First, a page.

The Reason Some Cheeses Melt Much Better Than Others

Whether you're looking for the ultimate cheeses to use for the perfect grilled cheese sandwich or a new cheese to use in a cheesy pasta bake or casserole, not all cheeses are as well-suited for melty dishes. While you might have some guesses as to why this is, there is a very specific reason some cheeses melt so much better than other kinds of cheese.

You might believe that a cheese's ability to melt has everything to do with its fat content, but that is actually just one component that can allow the dairy product to change states. According to Allrecipes, cheeses with a higher fat content are more likely to melt, but that is only part of the equation. Both moisture and age play a big role in how well cheeses can melt. But to really understand how and why some cheeses melt more easily, you need to know how these three things work together.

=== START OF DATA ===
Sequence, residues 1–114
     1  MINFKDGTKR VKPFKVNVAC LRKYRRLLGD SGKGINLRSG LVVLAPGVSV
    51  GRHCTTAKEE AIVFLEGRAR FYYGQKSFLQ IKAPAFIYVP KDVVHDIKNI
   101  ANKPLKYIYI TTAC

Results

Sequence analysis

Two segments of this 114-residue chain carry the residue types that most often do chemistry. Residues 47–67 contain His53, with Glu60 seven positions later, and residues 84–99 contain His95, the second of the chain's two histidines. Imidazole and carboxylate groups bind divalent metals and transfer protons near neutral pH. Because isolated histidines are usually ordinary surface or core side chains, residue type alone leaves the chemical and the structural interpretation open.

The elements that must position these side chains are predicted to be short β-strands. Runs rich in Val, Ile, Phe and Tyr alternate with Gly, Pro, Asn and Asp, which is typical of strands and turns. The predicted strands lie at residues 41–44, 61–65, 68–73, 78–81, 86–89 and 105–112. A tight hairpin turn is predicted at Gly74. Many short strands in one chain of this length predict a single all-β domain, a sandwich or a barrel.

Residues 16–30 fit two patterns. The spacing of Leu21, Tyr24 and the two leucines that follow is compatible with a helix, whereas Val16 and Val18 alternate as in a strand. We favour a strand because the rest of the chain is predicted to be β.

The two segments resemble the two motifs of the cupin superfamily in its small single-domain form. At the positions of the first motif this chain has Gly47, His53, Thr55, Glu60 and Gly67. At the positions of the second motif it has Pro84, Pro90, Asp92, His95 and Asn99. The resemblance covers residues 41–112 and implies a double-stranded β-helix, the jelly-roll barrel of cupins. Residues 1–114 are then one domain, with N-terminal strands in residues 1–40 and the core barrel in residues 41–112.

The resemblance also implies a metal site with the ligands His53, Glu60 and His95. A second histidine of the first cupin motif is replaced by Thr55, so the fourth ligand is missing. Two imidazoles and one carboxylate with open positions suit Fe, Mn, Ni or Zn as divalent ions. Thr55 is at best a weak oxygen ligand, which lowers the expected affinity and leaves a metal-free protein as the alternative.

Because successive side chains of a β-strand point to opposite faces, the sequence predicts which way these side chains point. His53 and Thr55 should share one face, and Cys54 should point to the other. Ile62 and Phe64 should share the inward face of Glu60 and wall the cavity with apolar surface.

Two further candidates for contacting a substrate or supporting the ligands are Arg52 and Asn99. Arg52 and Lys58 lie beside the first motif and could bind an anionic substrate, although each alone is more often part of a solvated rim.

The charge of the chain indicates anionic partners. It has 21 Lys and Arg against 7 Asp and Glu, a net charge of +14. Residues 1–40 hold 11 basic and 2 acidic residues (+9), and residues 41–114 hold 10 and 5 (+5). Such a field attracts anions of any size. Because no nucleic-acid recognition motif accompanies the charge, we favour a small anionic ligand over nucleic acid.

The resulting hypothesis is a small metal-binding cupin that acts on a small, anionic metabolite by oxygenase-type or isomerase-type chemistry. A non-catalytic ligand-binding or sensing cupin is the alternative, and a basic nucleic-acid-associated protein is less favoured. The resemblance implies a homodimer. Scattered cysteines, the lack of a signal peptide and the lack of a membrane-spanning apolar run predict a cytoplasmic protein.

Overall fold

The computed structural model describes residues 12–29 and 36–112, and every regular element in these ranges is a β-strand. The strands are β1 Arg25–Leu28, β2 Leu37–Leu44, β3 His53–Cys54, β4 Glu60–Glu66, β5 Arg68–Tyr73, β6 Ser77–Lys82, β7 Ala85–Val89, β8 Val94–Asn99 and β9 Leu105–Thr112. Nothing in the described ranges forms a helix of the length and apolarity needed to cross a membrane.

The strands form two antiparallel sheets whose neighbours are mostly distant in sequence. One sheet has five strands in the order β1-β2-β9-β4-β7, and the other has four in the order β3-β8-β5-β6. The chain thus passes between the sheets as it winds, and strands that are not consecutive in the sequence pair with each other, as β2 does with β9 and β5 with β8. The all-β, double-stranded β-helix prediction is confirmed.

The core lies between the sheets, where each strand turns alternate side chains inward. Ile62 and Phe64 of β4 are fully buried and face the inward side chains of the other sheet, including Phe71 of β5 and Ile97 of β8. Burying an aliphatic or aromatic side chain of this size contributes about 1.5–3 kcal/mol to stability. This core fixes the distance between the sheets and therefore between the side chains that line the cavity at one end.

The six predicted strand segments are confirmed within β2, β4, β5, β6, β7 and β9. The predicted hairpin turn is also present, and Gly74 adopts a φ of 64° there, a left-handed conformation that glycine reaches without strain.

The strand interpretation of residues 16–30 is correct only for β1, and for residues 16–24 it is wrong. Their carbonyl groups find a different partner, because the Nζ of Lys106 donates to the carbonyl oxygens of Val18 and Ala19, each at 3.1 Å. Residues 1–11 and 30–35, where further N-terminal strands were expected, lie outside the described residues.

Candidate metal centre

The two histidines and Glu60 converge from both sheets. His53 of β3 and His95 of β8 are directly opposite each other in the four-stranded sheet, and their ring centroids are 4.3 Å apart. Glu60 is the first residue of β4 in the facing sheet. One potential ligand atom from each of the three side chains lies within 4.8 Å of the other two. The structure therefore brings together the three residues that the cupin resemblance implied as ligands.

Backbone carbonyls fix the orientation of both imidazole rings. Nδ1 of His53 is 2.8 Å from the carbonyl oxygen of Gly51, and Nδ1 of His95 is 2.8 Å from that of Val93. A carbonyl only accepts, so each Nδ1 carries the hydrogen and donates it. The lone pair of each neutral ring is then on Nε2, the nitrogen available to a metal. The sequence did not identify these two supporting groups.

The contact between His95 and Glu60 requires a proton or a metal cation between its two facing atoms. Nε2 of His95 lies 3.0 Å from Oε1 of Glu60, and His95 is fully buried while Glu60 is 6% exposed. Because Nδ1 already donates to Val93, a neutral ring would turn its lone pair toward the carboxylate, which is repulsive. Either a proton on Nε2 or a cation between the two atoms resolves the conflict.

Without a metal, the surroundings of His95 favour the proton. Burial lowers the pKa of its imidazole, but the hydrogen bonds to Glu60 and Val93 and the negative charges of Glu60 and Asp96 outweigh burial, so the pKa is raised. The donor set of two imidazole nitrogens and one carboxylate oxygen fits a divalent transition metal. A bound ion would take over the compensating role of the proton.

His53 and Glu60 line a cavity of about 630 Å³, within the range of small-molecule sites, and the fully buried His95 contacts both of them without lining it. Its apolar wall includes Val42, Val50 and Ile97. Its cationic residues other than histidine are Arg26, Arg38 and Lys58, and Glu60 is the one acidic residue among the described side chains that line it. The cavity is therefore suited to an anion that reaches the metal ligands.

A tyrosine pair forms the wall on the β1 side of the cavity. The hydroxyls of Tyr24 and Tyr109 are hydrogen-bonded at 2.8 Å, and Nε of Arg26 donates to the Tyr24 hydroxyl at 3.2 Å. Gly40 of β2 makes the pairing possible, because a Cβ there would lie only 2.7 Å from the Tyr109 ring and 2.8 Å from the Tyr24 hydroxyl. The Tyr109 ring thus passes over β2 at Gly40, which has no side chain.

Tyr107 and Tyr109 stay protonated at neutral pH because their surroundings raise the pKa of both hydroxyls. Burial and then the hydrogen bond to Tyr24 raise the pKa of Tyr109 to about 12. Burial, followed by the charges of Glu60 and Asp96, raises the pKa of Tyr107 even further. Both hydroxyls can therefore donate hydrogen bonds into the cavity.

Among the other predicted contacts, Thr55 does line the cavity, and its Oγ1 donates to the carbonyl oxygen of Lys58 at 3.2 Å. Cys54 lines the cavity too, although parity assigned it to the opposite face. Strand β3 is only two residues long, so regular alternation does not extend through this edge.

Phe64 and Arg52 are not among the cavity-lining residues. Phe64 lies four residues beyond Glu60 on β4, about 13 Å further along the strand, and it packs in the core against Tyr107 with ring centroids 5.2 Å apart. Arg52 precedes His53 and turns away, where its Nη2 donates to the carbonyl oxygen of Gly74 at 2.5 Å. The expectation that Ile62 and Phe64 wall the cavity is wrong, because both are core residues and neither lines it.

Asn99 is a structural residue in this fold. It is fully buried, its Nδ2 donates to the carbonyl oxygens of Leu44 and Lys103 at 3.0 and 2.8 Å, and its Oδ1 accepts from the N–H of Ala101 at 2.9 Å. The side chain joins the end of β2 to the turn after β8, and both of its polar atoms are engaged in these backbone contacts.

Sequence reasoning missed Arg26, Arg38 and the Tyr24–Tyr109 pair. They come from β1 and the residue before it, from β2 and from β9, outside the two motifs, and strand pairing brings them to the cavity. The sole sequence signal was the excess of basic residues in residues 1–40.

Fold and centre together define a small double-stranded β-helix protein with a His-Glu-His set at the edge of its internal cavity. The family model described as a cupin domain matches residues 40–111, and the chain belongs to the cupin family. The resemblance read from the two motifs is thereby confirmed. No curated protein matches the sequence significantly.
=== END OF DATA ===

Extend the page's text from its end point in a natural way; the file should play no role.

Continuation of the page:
This is why some cheeses melt so easily

According to Serious Eats, cheese is, at its most basic interpretation, just fat from milk and water combined to make an "emulsion." Over time, these two components form stronger bonds, which is why fresh cheeses tend to melt better than older cheeses. And that's all because of the proteins and chemical bonds that form between the fat and water. As the cheese ages, it loses moisture, and it becomes harder to break the bonds to melt the cheese. That's why ingredients like parmesan cheese rinds stay in one piece when you add them to hot dishes for more flavor.

Softer cheeses and cheeses with a higher amount of water tend to melt far better than older, firmer cheeses that do not contain as much moisture. So, if it's the ultimate "meltability" you want, look for soft and semi-soft cheeses. They won't steer you wrong.